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The Problem: violence and child abuse are significant blights on our society

There is a direct link between abuse in childhood and later problems for the whole community as well as the people who have suffered.

In some cases, Violence to children can lead them to become violent themselves when they grow up, or to being willing to live as victims of violence (because it is ‘normal’ to them and thus feeds into the cycle of child abuse and violence).

Some facts:

  • Violence increased massively in the UK between the 1950s and the early 2000s.
  • One in five children today have experienced serious physical abuse, sexual abuse or severe physical or emotional neglect at some point in their lifetime; and for every child subject to a child protection plan or on a child protection register in the UK, the NSPCC estimate that there are likely to be around eight other children who have suffered maltreatment.’ Reference: NSPCC (2013) ‘How safe are our children?
  • Around 30-40% of abused children go on to abuse their own children when they grow up.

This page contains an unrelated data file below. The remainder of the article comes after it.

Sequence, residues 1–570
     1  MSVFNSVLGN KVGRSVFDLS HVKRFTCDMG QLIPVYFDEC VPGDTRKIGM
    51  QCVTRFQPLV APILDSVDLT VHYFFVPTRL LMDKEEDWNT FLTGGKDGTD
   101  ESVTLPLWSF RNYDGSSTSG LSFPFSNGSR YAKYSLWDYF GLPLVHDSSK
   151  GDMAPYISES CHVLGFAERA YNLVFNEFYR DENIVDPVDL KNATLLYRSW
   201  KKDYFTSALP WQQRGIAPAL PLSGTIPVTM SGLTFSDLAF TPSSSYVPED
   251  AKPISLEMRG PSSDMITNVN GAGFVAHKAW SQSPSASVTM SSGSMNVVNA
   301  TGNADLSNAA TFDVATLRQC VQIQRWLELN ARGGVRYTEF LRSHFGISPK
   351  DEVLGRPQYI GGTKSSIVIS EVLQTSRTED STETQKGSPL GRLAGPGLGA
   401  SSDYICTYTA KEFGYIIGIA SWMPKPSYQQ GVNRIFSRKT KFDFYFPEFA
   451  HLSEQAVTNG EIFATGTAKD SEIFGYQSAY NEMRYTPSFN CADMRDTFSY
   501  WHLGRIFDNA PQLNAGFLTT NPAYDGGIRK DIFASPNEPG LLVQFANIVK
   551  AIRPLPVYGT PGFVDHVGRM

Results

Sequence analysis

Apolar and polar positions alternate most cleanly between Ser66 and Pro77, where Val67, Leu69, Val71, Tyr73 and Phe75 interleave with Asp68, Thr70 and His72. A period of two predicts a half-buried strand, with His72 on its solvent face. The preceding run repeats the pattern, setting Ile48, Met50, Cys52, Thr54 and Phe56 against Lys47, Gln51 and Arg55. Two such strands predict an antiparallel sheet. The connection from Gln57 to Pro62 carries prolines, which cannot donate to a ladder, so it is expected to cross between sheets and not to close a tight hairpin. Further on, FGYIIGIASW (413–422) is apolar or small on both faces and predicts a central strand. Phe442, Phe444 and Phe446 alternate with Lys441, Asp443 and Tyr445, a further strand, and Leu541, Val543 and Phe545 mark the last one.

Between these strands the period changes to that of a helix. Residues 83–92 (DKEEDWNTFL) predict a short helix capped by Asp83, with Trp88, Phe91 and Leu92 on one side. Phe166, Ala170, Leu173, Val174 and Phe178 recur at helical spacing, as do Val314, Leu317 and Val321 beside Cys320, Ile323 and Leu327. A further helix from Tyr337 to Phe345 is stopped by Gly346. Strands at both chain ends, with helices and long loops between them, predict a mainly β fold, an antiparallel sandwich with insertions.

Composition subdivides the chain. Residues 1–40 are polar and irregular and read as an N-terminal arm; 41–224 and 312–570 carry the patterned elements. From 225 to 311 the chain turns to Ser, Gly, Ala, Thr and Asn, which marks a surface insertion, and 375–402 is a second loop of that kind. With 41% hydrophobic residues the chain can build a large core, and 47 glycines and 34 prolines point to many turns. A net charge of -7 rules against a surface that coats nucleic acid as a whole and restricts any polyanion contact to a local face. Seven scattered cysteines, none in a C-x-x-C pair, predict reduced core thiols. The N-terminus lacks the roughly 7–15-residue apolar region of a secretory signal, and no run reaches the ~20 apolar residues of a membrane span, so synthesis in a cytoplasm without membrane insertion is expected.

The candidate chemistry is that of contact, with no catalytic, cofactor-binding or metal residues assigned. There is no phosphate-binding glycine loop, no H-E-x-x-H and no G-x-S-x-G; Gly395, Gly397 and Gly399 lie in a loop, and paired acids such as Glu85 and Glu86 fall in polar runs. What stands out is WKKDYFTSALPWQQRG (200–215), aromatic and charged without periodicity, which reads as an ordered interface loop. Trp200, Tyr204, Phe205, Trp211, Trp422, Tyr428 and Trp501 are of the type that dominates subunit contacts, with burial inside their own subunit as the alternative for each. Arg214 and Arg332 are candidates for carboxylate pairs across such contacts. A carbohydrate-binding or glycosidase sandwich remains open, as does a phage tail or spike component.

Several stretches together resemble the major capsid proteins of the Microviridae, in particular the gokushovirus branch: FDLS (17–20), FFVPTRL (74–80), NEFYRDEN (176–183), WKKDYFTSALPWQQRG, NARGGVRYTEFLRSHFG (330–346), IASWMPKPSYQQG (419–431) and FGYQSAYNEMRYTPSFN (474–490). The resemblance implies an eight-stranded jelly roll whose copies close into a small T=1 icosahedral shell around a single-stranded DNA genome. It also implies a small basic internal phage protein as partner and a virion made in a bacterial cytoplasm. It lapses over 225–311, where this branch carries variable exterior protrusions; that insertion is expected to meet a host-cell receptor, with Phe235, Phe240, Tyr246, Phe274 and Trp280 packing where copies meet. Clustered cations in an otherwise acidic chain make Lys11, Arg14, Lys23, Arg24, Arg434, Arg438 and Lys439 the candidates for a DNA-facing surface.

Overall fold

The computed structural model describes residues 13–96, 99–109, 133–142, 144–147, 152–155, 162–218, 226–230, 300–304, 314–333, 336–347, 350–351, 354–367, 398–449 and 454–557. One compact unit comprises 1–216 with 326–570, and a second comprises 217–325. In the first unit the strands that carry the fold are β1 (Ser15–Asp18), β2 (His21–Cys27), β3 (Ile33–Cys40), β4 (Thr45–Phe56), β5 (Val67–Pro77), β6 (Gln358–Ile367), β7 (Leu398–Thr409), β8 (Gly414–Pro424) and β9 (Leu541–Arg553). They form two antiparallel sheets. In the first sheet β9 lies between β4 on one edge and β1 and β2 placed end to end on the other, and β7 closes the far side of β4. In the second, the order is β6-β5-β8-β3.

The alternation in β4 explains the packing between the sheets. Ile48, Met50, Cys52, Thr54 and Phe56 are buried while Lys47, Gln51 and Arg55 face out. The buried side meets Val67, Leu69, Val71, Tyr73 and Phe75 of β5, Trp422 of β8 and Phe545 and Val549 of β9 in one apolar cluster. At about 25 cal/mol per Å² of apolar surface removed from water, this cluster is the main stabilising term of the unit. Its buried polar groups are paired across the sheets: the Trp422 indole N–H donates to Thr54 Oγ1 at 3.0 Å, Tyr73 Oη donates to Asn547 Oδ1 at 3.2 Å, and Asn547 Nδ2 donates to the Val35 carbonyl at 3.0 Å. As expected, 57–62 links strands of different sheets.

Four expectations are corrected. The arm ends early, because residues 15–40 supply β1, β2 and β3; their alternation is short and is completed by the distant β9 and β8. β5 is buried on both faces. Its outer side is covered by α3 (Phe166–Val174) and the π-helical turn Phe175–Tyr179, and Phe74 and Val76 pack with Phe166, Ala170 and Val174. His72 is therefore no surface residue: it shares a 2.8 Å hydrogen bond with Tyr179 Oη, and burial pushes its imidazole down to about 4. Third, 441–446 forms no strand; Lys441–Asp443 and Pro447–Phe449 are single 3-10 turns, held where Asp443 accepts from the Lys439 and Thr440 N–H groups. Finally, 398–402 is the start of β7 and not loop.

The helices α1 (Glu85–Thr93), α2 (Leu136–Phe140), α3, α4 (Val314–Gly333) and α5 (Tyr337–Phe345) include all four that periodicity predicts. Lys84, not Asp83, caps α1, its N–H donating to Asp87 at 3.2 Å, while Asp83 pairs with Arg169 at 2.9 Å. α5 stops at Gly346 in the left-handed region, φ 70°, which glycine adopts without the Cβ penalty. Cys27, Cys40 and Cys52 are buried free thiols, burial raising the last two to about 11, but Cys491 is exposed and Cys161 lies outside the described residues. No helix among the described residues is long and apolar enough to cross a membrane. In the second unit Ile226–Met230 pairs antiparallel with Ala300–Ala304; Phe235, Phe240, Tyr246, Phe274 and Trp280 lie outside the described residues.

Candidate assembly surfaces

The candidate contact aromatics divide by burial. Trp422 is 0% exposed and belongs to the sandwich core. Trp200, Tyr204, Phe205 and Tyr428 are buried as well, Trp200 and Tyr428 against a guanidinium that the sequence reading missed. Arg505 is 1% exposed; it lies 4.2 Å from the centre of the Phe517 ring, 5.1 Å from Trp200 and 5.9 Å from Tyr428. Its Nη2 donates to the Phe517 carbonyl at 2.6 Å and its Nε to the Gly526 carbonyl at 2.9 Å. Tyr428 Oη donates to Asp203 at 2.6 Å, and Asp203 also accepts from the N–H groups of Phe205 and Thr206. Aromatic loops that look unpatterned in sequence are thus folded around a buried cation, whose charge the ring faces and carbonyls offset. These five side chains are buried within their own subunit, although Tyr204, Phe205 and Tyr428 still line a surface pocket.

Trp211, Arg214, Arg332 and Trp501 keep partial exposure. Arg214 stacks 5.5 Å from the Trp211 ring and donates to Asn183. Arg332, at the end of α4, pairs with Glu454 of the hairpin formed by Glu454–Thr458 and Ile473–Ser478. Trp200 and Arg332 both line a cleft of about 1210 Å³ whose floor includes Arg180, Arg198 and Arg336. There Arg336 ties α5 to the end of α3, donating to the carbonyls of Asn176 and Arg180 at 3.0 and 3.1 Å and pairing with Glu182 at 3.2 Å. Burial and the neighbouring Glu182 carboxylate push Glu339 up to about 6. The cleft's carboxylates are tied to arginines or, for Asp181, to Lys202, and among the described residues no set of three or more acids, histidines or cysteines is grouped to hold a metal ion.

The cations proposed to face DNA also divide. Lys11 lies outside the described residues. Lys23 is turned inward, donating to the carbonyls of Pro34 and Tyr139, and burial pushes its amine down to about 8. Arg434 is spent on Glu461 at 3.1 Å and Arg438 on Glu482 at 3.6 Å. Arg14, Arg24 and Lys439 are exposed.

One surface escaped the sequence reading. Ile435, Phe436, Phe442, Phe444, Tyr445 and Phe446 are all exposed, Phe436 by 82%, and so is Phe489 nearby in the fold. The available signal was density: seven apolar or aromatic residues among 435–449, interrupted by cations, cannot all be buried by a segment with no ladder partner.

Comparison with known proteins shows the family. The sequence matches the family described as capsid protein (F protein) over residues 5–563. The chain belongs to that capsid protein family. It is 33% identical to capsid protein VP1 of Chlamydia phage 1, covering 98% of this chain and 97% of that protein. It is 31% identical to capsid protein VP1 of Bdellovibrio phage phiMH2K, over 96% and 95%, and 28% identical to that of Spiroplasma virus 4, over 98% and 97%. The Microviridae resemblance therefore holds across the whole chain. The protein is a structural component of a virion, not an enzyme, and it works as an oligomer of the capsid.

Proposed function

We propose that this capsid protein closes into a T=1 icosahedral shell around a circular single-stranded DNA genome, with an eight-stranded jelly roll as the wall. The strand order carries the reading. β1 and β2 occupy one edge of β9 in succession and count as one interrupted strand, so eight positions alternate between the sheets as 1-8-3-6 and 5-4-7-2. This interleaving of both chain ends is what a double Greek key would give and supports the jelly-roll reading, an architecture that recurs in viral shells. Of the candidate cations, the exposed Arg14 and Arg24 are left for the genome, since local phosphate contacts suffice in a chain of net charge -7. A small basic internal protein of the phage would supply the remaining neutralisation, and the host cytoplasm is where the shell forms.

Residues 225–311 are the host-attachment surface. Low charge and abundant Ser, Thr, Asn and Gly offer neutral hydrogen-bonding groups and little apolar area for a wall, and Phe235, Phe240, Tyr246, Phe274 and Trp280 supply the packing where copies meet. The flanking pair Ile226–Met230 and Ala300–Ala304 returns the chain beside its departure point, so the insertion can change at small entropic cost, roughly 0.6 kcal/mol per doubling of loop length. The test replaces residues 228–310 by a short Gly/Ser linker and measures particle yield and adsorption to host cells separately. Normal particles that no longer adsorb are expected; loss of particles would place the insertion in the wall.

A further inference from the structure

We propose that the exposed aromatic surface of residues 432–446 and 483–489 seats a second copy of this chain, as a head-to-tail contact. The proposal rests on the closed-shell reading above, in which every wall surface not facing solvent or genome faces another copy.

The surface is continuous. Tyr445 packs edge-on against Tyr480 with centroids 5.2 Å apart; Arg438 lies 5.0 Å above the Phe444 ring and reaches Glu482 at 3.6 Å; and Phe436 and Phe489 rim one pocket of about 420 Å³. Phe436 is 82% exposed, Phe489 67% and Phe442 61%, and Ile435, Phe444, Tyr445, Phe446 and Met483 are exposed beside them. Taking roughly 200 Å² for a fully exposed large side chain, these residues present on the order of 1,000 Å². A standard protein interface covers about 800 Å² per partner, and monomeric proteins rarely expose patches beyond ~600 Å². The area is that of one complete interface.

• The peak age for child abuse is 0-1.
  • The ones who don’t turn out to be violent can often suffer depression, which can cause them to neglect their own children.
  • Being neglected in childhood significantly increases the risk of later criminal behaviour.
  • Besides violence and depression, bad experience in childhood produces a huge range of health problems later, including far higher than ‘normal’ levels of: addiction; alcoholism; cancer; depression and suicide; heart, lung, liver and kidney disease.
  • The same bad experiences can lead to poor educational achievements and high levels of unemployment and poverty.
  • Child victims not only suffer appallingly, they are more likely than those who do not suffer to be a drain on the community when they grow up.
  • Domestic violence also perpetuates damaging family cycles. In addition to causing appalling suffering to the immediate victims, the 750,000 children in the UK who witness domestic violence every year are put at risk of later becoming perpetrators or victims themselves.
  • Find out what we can do about violence and get involved to help us end violence and child abuse.